The Deen Institute, a Muslim debating forum which promotes critical thinking, had hoped to hold a conference entitled “Have Muslims misunderstood evolution?” early next year. Among the speakers invited to attend included Muslim scientists, imams who have promoted the compatibility of Islam and evolution as well as those who preach a form of Islamic creationism.

The initial plan was to hold the event next month at Imperial College London, one of the country’s foremost universities for scientific exploration and debate, in cooperation with the local Islamic student society. But the Deen Institute said it was forced to pull out when it became clear that opposition to the event from supporters of creationism began mounting. It is now being held without input from any Muslim student society at Logan Hall, a conference centre owned by the University of London.

“We eventually had to give up of getting any support from student societies because it was seen as simply too controversial,” Adam Deen, co-founder of the institute, told The Independent. Deen, who describes himself as a “conservative Muslim” who encourages critical thinking, said he was surprised to receive such opposition at a place of scientific study, particularly as he had made sure to invite all sides of the debate including those who preach creationism.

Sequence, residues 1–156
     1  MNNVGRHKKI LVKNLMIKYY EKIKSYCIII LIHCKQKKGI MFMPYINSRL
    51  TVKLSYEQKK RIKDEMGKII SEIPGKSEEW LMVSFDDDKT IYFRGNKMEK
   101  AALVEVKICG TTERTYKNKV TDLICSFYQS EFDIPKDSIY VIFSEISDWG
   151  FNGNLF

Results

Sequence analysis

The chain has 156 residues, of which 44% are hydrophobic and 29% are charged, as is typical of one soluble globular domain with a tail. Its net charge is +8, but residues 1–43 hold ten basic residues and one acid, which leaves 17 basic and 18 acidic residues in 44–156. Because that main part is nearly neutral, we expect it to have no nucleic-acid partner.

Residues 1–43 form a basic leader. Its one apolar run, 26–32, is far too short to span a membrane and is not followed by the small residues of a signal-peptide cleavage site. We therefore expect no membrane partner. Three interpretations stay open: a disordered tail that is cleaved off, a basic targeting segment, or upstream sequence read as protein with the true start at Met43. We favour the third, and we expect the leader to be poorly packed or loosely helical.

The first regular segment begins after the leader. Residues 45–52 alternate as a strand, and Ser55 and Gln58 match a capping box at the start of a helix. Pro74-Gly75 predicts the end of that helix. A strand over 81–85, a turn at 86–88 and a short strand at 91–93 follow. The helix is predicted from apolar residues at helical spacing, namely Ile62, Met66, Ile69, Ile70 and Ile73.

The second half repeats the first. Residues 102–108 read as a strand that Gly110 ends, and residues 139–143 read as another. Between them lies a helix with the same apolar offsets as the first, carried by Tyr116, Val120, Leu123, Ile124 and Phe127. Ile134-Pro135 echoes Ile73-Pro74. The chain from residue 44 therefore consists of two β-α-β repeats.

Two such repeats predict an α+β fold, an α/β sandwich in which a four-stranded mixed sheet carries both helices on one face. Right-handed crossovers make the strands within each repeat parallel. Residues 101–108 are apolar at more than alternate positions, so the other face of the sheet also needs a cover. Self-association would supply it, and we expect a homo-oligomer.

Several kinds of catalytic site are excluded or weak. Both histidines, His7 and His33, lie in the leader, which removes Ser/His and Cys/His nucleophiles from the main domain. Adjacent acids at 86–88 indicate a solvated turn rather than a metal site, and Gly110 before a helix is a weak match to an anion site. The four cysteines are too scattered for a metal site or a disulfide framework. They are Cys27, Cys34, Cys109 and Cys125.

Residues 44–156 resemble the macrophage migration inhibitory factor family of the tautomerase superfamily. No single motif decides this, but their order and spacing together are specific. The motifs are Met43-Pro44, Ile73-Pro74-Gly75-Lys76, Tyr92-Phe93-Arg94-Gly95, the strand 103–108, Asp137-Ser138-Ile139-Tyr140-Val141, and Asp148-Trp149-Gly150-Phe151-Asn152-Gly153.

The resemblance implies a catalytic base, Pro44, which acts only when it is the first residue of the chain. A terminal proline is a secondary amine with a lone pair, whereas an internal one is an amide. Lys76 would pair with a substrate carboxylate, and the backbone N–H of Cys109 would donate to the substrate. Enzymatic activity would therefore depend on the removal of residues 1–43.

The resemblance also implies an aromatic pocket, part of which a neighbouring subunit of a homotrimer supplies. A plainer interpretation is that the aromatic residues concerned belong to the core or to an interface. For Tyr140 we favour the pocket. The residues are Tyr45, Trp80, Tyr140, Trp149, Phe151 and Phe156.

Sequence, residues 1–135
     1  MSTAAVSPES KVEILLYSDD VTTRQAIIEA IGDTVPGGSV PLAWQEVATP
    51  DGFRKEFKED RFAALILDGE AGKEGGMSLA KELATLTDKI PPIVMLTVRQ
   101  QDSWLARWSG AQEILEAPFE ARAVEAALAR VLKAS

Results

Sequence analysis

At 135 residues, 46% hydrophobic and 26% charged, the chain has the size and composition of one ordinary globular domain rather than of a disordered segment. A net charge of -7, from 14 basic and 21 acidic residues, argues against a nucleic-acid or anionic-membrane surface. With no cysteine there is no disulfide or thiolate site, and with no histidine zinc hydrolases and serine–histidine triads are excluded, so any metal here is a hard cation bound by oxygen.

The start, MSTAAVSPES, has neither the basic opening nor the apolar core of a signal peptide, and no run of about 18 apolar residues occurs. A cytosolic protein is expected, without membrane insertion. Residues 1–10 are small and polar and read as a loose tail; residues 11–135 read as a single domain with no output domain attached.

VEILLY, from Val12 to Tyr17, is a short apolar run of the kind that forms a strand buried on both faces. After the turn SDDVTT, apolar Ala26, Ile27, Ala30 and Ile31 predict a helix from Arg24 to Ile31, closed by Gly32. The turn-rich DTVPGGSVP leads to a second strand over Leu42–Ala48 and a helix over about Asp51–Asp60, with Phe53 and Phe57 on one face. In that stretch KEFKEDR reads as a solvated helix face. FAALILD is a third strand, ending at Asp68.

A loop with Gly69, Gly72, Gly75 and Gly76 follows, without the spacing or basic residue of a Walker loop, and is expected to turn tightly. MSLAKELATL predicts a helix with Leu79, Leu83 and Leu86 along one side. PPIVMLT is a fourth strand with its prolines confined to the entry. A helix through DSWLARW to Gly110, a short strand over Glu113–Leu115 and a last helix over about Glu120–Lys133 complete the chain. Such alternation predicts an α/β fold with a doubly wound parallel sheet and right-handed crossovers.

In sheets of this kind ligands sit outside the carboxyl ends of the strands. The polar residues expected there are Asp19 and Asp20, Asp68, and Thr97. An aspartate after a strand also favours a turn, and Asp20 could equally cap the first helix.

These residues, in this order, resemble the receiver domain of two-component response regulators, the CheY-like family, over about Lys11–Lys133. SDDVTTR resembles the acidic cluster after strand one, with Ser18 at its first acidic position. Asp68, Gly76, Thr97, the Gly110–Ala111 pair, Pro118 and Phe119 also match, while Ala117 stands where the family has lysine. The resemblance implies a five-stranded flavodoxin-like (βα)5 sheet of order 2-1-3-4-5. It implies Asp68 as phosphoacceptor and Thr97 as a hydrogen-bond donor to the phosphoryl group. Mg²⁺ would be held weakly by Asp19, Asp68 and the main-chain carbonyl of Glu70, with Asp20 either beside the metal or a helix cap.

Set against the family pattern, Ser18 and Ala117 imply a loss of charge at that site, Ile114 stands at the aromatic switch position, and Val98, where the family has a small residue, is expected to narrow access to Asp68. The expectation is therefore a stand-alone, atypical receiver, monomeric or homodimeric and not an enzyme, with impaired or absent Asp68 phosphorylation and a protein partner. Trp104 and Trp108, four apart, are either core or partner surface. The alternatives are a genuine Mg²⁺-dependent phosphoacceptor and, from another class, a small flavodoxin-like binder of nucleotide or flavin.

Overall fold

“It’s symptomatic of a bigger problem in the Muslim world where people representing practical Muslims have to be seen to be more literalist,” he said. “It’s almost like there’s an intellectual mafia movement who won’t allow any freedom of thought.”